Prince Harry and Meghan Markle
The Civil Authority Aviation announced that the planes are not allowed in flying over in Windsor grounds on Prince Harry and Meghan Markle's wedding. Pictured: Prince Harry and Markle watch a performace during their visit to Cardiff Castle on Jan. 18, 2018. Getty Images/Ben Birchall

Planes and drone are not allowed to fly over the Windsor Castle grounds on Prince Harry and Meghan Markle's wedding.

The Civil Aviation Authority (CAA) announced on Saturday night that the airspace above the St. George Chapel where the "Suits" star and the Duke are set to exchange "I do's" will be restricted on May 19. Thus, airplanes and drones are prohibited in the area. According to CAA, the flight ban was requested for "safety and security" reasons.

However, some believed that it was done on purpose because there are constantly planes flying over Windsor Castle and it's noisy. It might distract the guests as well as the bride and groom as they exchange their vows.

Aircraft flying low over the castle have caused a distraction to the occupants because the castle is situated near the Heathrow Airport. In fact, Queen Elizabeth II can reportedly identify the types of plane by their engine noise when Her Majesty is at Windsor Castle, which is among her favorite places to stay during weekends.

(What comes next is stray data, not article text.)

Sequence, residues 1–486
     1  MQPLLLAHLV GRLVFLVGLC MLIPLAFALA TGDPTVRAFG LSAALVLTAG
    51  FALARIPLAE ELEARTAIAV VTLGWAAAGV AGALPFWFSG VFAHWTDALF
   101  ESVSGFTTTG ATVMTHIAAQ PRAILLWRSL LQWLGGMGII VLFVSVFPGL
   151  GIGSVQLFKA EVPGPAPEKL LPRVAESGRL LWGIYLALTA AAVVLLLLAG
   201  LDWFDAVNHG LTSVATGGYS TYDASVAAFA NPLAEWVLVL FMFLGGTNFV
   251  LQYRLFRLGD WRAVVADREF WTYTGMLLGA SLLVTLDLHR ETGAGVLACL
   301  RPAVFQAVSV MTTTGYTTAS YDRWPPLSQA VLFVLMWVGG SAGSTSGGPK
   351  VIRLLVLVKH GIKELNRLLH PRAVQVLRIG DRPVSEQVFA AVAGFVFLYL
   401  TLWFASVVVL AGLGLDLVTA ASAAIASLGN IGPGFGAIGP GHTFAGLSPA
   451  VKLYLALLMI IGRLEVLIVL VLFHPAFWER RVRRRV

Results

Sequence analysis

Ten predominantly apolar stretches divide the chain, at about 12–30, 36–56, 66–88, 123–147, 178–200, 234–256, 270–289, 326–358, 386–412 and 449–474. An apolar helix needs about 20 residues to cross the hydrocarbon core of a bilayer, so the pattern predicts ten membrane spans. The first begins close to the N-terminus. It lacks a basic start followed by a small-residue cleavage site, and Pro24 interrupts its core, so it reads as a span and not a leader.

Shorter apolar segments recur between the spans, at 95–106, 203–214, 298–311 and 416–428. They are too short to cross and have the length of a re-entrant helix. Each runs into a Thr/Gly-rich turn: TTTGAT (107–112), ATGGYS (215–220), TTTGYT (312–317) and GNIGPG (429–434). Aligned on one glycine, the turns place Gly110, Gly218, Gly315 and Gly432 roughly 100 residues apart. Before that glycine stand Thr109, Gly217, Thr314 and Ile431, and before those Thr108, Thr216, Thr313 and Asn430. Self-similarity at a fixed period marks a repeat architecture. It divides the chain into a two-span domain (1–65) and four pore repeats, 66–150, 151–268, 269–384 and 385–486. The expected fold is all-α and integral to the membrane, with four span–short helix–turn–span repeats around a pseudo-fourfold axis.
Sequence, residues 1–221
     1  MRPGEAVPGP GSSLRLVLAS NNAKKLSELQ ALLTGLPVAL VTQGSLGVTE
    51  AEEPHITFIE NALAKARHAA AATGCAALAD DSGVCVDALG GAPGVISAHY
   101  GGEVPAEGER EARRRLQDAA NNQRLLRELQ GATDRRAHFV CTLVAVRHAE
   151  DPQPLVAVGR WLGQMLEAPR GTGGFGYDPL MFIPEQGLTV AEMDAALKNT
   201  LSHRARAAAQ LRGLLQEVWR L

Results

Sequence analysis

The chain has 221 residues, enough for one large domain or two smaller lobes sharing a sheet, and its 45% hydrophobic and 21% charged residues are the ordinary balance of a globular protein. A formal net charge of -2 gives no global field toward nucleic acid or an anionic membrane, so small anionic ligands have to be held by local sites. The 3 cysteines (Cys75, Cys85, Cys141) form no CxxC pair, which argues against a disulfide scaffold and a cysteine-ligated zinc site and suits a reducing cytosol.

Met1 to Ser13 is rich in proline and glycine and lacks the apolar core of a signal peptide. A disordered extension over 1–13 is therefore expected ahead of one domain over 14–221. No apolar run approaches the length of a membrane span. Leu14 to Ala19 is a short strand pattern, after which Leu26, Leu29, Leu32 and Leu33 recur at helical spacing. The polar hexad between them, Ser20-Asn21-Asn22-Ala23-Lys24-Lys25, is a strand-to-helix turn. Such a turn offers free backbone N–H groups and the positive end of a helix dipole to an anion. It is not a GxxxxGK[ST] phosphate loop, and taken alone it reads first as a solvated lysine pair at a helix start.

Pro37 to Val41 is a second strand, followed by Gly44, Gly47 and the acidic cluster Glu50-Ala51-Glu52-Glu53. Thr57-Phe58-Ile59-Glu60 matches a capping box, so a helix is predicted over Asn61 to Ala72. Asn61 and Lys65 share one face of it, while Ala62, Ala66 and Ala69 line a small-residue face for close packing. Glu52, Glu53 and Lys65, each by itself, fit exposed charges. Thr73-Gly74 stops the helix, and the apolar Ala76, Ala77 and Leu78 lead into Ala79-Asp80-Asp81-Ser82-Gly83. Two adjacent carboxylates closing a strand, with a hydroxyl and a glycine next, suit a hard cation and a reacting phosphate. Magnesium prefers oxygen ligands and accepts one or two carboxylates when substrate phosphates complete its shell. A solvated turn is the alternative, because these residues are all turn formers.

In 2015, there was a plan to expand Heathrow Airport and local councilor George Bathurst believed that it would "destroy" Windsor and affect the functions at the castle. The council handed their protest to Sir Howard Davies' commission on airport capacity.

The expansion has been pushed through. Heathrow's plan is to rebuild a new 3,500 runway about two miles north of its existing runways at an estimated cost of over $24 billion. But it will not be operational until 2026, BBC reported.

The need for an additional runway was agreed because Heathrow is one of the busiest airports in the world. It had 75 million passengers in 2015. Also, there is little room for growth if it will not be done because the airport already operates at 98 percent of its capacity.

In related news, Markle is reportedly taking princess lessons as she prepares for her big day. Royal correspondent and Sunday Express editor Camilla Tominey appeared on "Today" and revealed that "princess lessons" are happening to Prince Harry's fiancée.

"She's got a little bit of a glossy posse going on," Tominey said. "She's got a new assistant, I think she's obviously getting help with hair and makeup and clothes because she's in the spotlight. She's getting a very warm reception over here."